The conflict between Iran and Israel, which has escalated steeply in recent weeks, is likely to be a critical campaign issue for both President Obama and the Republican candidates. What can history tell us about this conflict? How useful is history as a tool for understanding the present?
Fareed Zakaria has been pilloried in certain circles for his recent analysis of the growing tension between Israel and Iran. The two-cent version of Zakaria’s argument is that Israeli concerns about an Iranian nuclear weapon should be allayed by the fact that the Cold War never featured a nuclear exchange, nor even sustained direct combat of the conventional sort, between the two superpowers. Conversely, Germany’s decision in 1914 to press what appeared to be a momentary advantage over Russia and France, a decision of the sort Israel may be contemplating vis-à-vis Iran, produced the horrors of the First World War. Right after Zakaria’s words were published, criticisms of his analogies began to fly. “Historical analogy is the glib man's substitute for analysis,” academic Martin Kramer surmised from his webpage devoted to Middle Eastern politics. WINEP associate fellow and former NSC senior staff member Michael Singh concluded Zakaria was guilty of “cherry-picking” analogies to support preconceived notions, and thus “shoe-horned” his historical examples into painfully contorted versions of themselves to advance his argument.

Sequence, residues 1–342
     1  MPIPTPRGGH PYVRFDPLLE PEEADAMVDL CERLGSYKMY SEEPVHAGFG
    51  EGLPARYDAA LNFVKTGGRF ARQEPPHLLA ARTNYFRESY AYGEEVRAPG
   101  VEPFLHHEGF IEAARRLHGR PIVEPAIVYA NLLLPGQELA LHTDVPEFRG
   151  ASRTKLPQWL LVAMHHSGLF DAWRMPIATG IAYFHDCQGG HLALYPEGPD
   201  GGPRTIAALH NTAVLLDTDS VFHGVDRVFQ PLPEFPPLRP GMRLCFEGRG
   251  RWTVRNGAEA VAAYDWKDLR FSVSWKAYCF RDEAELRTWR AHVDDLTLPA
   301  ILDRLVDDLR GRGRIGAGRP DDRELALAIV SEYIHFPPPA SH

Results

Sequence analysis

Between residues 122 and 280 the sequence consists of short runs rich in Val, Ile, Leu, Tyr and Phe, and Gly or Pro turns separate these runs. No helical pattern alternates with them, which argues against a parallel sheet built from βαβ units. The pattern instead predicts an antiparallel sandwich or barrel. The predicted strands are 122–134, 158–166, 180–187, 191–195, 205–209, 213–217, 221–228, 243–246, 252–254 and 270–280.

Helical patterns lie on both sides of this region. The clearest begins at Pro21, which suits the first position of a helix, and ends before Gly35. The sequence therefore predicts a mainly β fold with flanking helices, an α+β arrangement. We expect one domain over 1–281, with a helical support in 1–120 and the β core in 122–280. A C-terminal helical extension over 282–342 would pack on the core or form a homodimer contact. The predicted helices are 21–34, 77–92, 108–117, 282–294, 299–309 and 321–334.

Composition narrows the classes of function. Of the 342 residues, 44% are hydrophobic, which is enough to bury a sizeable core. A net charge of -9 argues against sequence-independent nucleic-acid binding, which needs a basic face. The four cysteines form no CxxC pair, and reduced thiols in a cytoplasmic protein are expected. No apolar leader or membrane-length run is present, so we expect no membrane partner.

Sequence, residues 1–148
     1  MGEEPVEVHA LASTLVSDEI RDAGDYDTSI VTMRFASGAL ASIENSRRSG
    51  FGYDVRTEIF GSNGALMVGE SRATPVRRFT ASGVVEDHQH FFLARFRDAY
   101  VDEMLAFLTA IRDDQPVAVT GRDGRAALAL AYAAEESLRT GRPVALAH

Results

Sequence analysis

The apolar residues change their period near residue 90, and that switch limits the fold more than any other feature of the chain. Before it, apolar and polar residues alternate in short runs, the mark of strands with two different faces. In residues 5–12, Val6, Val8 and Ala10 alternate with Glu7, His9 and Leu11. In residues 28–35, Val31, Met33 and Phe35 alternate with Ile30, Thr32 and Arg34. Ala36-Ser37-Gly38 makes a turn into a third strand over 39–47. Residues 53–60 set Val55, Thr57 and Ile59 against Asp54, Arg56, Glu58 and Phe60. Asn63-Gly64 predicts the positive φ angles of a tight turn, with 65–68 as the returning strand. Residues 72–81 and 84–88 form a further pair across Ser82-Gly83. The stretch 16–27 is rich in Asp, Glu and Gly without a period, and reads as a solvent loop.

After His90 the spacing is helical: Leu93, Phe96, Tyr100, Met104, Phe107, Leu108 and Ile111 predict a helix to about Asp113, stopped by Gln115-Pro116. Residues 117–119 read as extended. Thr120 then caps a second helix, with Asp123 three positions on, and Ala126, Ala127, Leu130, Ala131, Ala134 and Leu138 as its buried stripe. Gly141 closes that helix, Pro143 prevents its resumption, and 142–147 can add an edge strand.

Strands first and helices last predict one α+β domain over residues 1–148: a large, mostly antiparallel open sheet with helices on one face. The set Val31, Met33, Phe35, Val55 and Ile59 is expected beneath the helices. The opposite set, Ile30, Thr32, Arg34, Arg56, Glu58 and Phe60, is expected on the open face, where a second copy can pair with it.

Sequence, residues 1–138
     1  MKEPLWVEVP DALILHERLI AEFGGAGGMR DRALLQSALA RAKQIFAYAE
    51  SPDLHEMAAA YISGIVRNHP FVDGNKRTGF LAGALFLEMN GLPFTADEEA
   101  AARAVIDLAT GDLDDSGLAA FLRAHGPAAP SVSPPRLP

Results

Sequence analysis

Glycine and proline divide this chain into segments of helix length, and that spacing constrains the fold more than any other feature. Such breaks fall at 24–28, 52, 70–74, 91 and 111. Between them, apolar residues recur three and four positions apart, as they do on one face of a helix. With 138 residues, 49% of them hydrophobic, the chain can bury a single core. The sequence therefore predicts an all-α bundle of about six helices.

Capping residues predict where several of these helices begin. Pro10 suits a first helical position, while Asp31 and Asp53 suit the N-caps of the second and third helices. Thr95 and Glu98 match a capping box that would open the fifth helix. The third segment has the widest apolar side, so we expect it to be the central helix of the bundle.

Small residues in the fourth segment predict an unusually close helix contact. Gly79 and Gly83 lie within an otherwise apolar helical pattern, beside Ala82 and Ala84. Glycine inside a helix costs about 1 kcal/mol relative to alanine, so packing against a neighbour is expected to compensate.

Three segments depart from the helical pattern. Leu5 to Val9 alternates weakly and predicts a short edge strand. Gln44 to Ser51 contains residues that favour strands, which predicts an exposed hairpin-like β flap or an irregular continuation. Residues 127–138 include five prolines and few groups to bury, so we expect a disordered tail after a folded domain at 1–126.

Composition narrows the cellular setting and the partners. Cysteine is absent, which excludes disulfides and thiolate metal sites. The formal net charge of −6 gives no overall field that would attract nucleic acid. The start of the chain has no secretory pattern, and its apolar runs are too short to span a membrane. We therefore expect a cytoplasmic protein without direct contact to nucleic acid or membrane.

Of course, a little searching turns up praise of Zakaria’s argument as well as more castigation. That these different evaluations separate neatly along ideological lines does not alleviate charges that historical analogies mainly reinforce what we already believe to be true. Such perceptions of analogous reasoning are not limited to those with blog accounts. Presidential historians, political scientists, and others have observed that lessons taken from history are often simplistic, misrepresented, and thus misapplied. When using historical analogies for policy analysis, writers (including this one) will often throw in a caveat along the lines of “analogies can obscure more than they reveal,” probably leaving the reader wondering what the point of the whole exercise is in the first place.